In the early hours of January 3rd (UK Time), observers in Iraq reported a drone attack had taken place near Baghdad International Airport.
The targets quickly became apparent, with the deaths of two high profile individuals. General Qassim Soleimani, head of the Iranian Islamic Revolutionary Guard Corps’ Quds force (orientated towards foreign and clandestine operations) had been killed. Abu Mahdi Al-Mihandis, 2nd in command of the predominantly Shiite paramilitary organisation, the Popular Mobilisation Unit, was also killed. A press release that same night, from the US Department of Defence (DoD), confirmed that the strike had been carried out by a US drone and had targeted Soleimani.
General Qassim Soleimani was vital in Iran’s regional foreign policy and the most powerful general in the Middle East. Kim Ghattas, of the Carnegie Endowment foreign policy think-tank, described him in a tweet as being “indispensable to Iran… not on a mission, he was the mission”, and the “architect of Iran’s expansionist regional policy”. This is not a baseless epitaph. Soleimani oversaw the strategy that allowed Syrian President Bashar al-Assad to recapture key areas of Syria from rebel forces and caused the deaths of over half a million Syrians, in a campaign in which cluster bombs, barrel bombs and chlorine gas were used to support the ground offensive by Soleimani’s militias. He trained paramilitaries that brought suffering to hundreds of Sunni Muslims. He was directly involved in cracking down on the protests in Iraq, in operations that have reportedly killed around 500 Iraqis and continue to do so. In Lebanon, from where Soleimani had just arrived, Iran’s proxy group Hezbollah confronted protestors with thugs wielding bats and sticks. That he has left a trail of blood and violence wherever he has been is an inescapable fact, a trail brought to its end in a flaming wreck on an airport access road in Baghdad.
Naturally, commentators in much of the Middle East have been elated by the news of Soleimani’s death. The chief editor of the Saudi Arabian news channel Al Arabiya, Mohammed Khalid Alyahya, tweeted that “The biggest criminal in the region has been neutralised”, while Steven Nabil, correspondent of the Alhurra Arabic-language news channel, reported that Iraqis were celebrating in Basra. In Syria, it has been reported by Elizabeth Tsurkov, Fellow of the Foreign Policy Research Institute, that sweets were being handed out in areas controlled by the Syrian opposition. In America, President Trump hailed the attack as “flawless” in his statement to the press, while Republican politicians and conservative media personalities have lined up to hail the killing as a great victory for the United States.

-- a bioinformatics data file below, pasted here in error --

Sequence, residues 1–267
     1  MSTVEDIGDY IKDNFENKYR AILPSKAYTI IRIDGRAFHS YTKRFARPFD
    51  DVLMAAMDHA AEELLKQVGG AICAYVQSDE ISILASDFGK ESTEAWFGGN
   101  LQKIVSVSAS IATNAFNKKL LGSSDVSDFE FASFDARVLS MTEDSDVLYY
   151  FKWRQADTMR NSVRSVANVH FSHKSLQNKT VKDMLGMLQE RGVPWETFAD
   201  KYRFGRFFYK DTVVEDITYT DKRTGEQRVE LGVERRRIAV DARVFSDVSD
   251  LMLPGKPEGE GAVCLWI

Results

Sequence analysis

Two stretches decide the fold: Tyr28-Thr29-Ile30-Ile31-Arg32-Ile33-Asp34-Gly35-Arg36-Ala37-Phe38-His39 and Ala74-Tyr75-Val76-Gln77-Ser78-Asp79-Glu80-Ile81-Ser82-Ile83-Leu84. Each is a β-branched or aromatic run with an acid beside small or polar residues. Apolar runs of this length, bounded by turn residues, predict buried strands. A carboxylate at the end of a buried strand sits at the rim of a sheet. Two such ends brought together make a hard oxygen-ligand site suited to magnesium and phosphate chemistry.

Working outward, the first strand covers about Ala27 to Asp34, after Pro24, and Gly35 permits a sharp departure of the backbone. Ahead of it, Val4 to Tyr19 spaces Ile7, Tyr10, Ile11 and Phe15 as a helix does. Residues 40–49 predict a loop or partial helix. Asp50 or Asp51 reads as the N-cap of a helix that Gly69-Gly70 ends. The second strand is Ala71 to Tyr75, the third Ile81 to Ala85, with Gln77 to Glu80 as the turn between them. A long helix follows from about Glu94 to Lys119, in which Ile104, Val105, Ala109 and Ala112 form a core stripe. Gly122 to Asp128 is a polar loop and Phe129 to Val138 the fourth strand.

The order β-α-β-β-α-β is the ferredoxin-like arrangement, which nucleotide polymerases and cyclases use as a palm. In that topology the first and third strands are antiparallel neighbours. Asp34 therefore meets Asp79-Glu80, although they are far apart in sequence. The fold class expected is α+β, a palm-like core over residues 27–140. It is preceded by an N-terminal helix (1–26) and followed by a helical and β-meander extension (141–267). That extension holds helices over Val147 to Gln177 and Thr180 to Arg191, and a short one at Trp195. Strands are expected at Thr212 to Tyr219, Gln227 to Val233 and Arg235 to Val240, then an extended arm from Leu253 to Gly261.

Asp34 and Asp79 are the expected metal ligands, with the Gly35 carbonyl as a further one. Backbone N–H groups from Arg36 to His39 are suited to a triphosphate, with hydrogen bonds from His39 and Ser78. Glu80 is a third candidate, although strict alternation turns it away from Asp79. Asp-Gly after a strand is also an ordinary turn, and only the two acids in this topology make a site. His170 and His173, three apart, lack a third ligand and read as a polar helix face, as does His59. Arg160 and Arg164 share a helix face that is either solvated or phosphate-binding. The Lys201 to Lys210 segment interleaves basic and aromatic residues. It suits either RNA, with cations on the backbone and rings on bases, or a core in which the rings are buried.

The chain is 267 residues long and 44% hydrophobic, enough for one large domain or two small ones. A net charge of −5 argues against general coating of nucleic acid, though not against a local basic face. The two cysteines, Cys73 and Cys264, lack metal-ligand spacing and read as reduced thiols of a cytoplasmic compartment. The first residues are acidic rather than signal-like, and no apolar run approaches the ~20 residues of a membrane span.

Not everyone is so enthusiastic. Least of all the Iranians. Iranian foreign minister Javad Zarif has accused the US of “rogue adventurism” and of carrying out an act of “international terrorism”, while President Rouhani promised revenge for what he described as a “heinous crime”. Rockets have been fired at Balad airbase in Iraq, which houses US service personnel, and a red flag, signifying war, has reportedly been raised above Iran’s tallest mosque, though this has only been reported by The Sun and the Express here in the UK.
In the US, Speaker of the House Nancy Pelosi accused President Trump of “provocative and disproportionate actions”. Here in the UK, Jeremy Corbyn urged the government to “stand up to” the “belligerent” US, while Labour leadership candidates Keir Starmer, Rebecca Long-Bailey and Jess Phillips have all called for attempts to de-escalate the crisis. Prime Minister Boris Johnson is yet to make a statement at the time of writing, but Foreign Secretary Dominic Raab has said that the UK is urging “all parties to de-escalate”. Anti-war protests have taken place across the US and outside Downing Street, where Shadow Chancellor John McDonnell spoke.
Pelosi also pointed out that Trump had not sought an Authorisation for Use of Military Force (AUMF), which Presidents must obtain from Congress when committing the military to deployments lasting longer than 60 days. The Trump administration has taken the position that it does not require an AUMF, as it claims that the Soleimani operation was covered by the 2001 AUMF. This justification depends on Iran’s involvement in 9/11, however, and this has been deemed false by the New York Times, The Independent, FBI Agent Ali Soufan and Lawrence Wright (published author on Al Qaeda and the Road to 9/11). The apparent illegality of the strike, therefore, could well fan the flames of the Democrats impeachment proceedings. However, the Republican Senate Majority leader Mitch McConnell appears to be onboard with the strike, meaning the prospects for impeachment remain slim. Furthermore, the US public typically favour successful proactive counter-terrorism operations, which could possibly improve Trump’s chances of re-election this year.
For the Middle East, however, the story is grim. Joyce Karam, Washington Correspondent of The National (UAE News Company), anticipates that the forthcoming collision between the US and the Iranian state will occur largely in the Middle East. It could take the form of disrupting the passage of oil tankers transiting the Gulf of Hormuz as they did with the Stena Impero or attacking US bases in the region. They may strike at Israel, or at the US embassy in Lebanon, where Hezbollah hold sway. There is a possibility they will attack its European Allies. The conflict will will be violent, and people will die for the events of Friday morning. The question now is whether or not the Trump administration is prepared for this.